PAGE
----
Scott Postma

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What is Truth?

What is truth?

This is the famous statement Pilate asked Jesus just before he crucified him. Spiritual revelation aside, this is also the question humans have been asking for nearly all of our existence on the earth.

But does truth matter? Does it really concern any of us if someone else has a different perspective about what is true and what is false? What are the ramifications if we hold the truth to be subjective and relative?

While I would argue the implications are enormous and far-reaching—much more far-reaching than can be addressed in a blog post, or even a single book for that matter—it will  benefit us all to take a preliminary stab at the controversial culprit.

Your Happiness Depends On It

If the measure of our happiness is always directly proportionate to our capacity to apprehend and appreciate the good, the true, and the beautiful, then it most definitely matters whether or not we know what are each of these transcendentals, or properties of being, how they can be apprehended, and how they are to be appreciated.

In this post, I’ll start with truth because it seems to me that goodness and beauty are related to each other where they are connected to the property of truth. So this brings us back to the original question, what is truth?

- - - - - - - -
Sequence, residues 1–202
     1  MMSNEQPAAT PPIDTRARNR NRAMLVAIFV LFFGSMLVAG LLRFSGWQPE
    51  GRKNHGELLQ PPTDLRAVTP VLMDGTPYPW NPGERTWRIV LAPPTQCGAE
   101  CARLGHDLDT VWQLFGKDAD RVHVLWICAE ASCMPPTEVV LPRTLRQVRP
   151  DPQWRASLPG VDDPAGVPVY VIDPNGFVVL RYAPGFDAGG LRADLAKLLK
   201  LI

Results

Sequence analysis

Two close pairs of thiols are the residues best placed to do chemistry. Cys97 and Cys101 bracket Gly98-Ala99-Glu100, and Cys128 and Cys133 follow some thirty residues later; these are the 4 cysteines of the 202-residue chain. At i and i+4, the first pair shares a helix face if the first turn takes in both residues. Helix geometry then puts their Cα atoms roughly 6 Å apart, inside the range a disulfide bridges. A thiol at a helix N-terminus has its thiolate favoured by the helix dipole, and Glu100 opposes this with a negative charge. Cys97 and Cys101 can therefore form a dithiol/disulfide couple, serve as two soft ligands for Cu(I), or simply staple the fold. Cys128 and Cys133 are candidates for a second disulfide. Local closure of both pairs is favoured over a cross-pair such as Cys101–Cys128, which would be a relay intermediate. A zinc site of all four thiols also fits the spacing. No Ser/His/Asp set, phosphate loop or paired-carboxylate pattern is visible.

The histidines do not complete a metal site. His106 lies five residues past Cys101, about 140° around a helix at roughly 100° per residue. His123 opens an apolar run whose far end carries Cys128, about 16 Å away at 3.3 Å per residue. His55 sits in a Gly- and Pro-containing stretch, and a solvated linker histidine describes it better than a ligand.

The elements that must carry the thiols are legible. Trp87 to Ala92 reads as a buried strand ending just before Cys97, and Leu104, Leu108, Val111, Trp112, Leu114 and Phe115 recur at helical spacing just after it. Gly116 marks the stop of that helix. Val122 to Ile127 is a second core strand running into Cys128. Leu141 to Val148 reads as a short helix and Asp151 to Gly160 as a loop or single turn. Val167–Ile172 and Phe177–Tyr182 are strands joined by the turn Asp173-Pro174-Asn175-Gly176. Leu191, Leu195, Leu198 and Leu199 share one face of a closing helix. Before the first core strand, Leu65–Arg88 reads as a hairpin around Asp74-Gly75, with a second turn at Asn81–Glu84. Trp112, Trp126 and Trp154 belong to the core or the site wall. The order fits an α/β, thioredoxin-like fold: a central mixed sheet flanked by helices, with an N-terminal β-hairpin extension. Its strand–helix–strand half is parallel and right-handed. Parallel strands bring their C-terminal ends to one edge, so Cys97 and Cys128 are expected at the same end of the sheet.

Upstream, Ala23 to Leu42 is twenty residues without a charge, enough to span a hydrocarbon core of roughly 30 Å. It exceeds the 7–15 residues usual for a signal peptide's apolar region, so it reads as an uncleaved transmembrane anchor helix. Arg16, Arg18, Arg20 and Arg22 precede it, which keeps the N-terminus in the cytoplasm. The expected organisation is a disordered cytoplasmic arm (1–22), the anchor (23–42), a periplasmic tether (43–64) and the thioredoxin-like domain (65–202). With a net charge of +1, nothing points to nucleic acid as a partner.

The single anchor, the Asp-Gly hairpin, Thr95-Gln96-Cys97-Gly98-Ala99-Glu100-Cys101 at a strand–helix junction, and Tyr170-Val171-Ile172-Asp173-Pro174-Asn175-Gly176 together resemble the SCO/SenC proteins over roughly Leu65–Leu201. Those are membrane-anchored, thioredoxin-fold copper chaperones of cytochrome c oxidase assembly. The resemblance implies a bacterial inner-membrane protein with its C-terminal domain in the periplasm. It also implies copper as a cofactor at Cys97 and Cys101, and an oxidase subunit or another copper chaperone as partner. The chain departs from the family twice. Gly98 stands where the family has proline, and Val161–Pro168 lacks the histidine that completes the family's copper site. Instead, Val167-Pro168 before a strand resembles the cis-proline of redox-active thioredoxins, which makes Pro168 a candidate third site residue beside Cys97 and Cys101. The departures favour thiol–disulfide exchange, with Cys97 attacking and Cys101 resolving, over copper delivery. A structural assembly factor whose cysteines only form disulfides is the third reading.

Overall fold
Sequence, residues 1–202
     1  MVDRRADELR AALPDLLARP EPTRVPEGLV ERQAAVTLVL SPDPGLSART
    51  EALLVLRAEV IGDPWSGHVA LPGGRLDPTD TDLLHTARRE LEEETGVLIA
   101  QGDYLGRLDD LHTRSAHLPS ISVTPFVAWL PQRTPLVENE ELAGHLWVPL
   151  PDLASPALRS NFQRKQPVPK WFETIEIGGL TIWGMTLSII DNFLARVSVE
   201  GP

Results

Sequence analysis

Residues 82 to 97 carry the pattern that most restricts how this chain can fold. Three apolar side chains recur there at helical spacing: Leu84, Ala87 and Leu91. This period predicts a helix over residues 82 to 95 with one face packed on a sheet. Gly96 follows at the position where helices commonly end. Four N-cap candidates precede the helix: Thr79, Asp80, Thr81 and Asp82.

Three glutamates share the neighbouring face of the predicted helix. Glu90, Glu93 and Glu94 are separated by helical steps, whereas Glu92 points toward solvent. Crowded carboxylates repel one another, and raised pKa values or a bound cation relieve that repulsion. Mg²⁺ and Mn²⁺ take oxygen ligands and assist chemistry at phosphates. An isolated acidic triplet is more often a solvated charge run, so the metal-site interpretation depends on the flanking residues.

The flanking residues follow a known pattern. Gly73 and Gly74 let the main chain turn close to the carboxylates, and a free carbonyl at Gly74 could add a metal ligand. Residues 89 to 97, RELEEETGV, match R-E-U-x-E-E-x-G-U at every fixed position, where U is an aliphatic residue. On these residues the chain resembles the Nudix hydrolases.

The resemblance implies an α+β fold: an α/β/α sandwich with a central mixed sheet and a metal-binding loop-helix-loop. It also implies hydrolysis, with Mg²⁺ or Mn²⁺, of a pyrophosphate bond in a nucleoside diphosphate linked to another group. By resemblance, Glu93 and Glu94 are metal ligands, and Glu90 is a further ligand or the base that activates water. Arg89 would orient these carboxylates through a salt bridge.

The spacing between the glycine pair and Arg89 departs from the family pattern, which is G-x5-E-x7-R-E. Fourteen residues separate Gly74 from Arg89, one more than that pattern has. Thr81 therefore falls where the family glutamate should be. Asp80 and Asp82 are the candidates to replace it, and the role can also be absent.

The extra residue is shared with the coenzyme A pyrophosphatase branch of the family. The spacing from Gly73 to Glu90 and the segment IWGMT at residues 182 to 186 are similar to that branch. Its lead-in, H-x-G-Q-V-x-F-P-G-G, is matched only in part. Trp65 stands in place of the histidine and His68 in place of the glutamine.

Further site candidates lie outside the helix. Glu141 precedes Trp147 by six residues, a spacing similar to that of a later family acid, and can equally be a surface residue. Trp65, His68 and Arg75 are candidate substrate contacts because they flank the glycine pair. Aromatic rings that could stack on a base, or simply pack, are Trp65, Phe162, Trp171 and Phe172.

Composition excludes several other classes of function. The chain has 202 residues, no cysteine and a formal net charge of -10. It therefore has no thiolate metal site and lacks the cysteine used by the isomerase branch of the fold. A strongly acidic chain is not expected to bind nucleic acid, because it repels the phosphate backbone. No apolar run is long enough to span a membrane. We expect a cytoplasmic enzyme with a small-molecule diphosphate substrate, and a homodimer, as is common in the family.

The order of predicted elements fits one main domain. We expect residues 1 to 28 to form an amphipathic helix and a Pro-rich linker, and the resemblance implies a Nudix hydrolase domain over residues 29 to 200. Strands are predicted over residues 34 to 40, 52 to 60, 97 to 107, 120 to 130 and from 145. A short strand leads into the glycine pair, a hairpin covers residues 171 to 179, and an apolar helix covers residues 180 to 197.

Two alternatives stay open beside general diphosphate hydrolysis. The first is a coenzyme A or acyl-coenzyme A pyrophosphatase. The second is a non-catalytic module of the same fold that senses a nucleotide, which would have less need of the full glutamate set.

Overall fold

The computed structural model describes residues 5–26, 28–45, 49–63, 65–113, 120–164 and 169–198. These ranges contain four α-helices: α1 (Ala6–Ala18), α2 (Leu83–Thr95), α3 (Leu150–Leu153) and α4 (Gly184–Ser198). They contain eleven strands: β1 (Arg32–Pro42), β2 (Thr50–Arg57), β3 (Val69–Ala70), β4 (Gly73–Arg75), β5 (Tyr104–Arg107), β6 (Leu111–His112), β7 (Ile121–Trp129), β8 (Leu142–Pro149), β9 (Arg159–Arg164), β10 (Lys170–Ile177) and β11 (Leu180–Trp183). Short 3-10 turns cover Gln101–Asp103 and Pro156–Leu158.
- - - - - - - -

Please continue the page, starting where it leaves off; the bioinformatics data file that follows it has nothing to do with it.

What Truth Is Not

In the first place we can try to say what truth is not. Truth is not falsehood, for one thing. But to know entirely what falsehood is, we would have to know its opposite, truth. This could easily bring us back to the beginning again, forcing us to try and answer what we were asking originally, what is truth?

For the sake of our discussion for now, I believe we could probably all agree that falsehood is that which does not appropriate itself to reality—or that which is contrary to what is known to be reality.

In the next place, we can say truth is not taste. There is a famous Latin maxim, de gustibus non disputandum est. It means that in matters of taste, there is nothing that can be disputed.

To argue about a person’s favorite color, for example, is futile. I may like orange and you may like blue. These statements are both true as they pertain to each of us, respectively. In other words, they are matters of subjective taste.

Blue is not more or less morally or valuably significant than orange. They are just different colors, and different opinions about those colors cannot be rationally argued to a conclusive objective agreement. Imagine the absurdity of one philosopher pontificating on the value or morality of the color blue, and another doing the same for the color orange. At the end of the day, there is nothing objectively moral or valuable about either color.

What Truth Is

This brings us to the third place. If truth is not falsehood, and truth is not subjective taste, then truth must be that which can be objectively held in common having not been falsified by rational arguments or negative instances. For whatever deficiencies one might attribute to my definition, at least it gives us a place to start.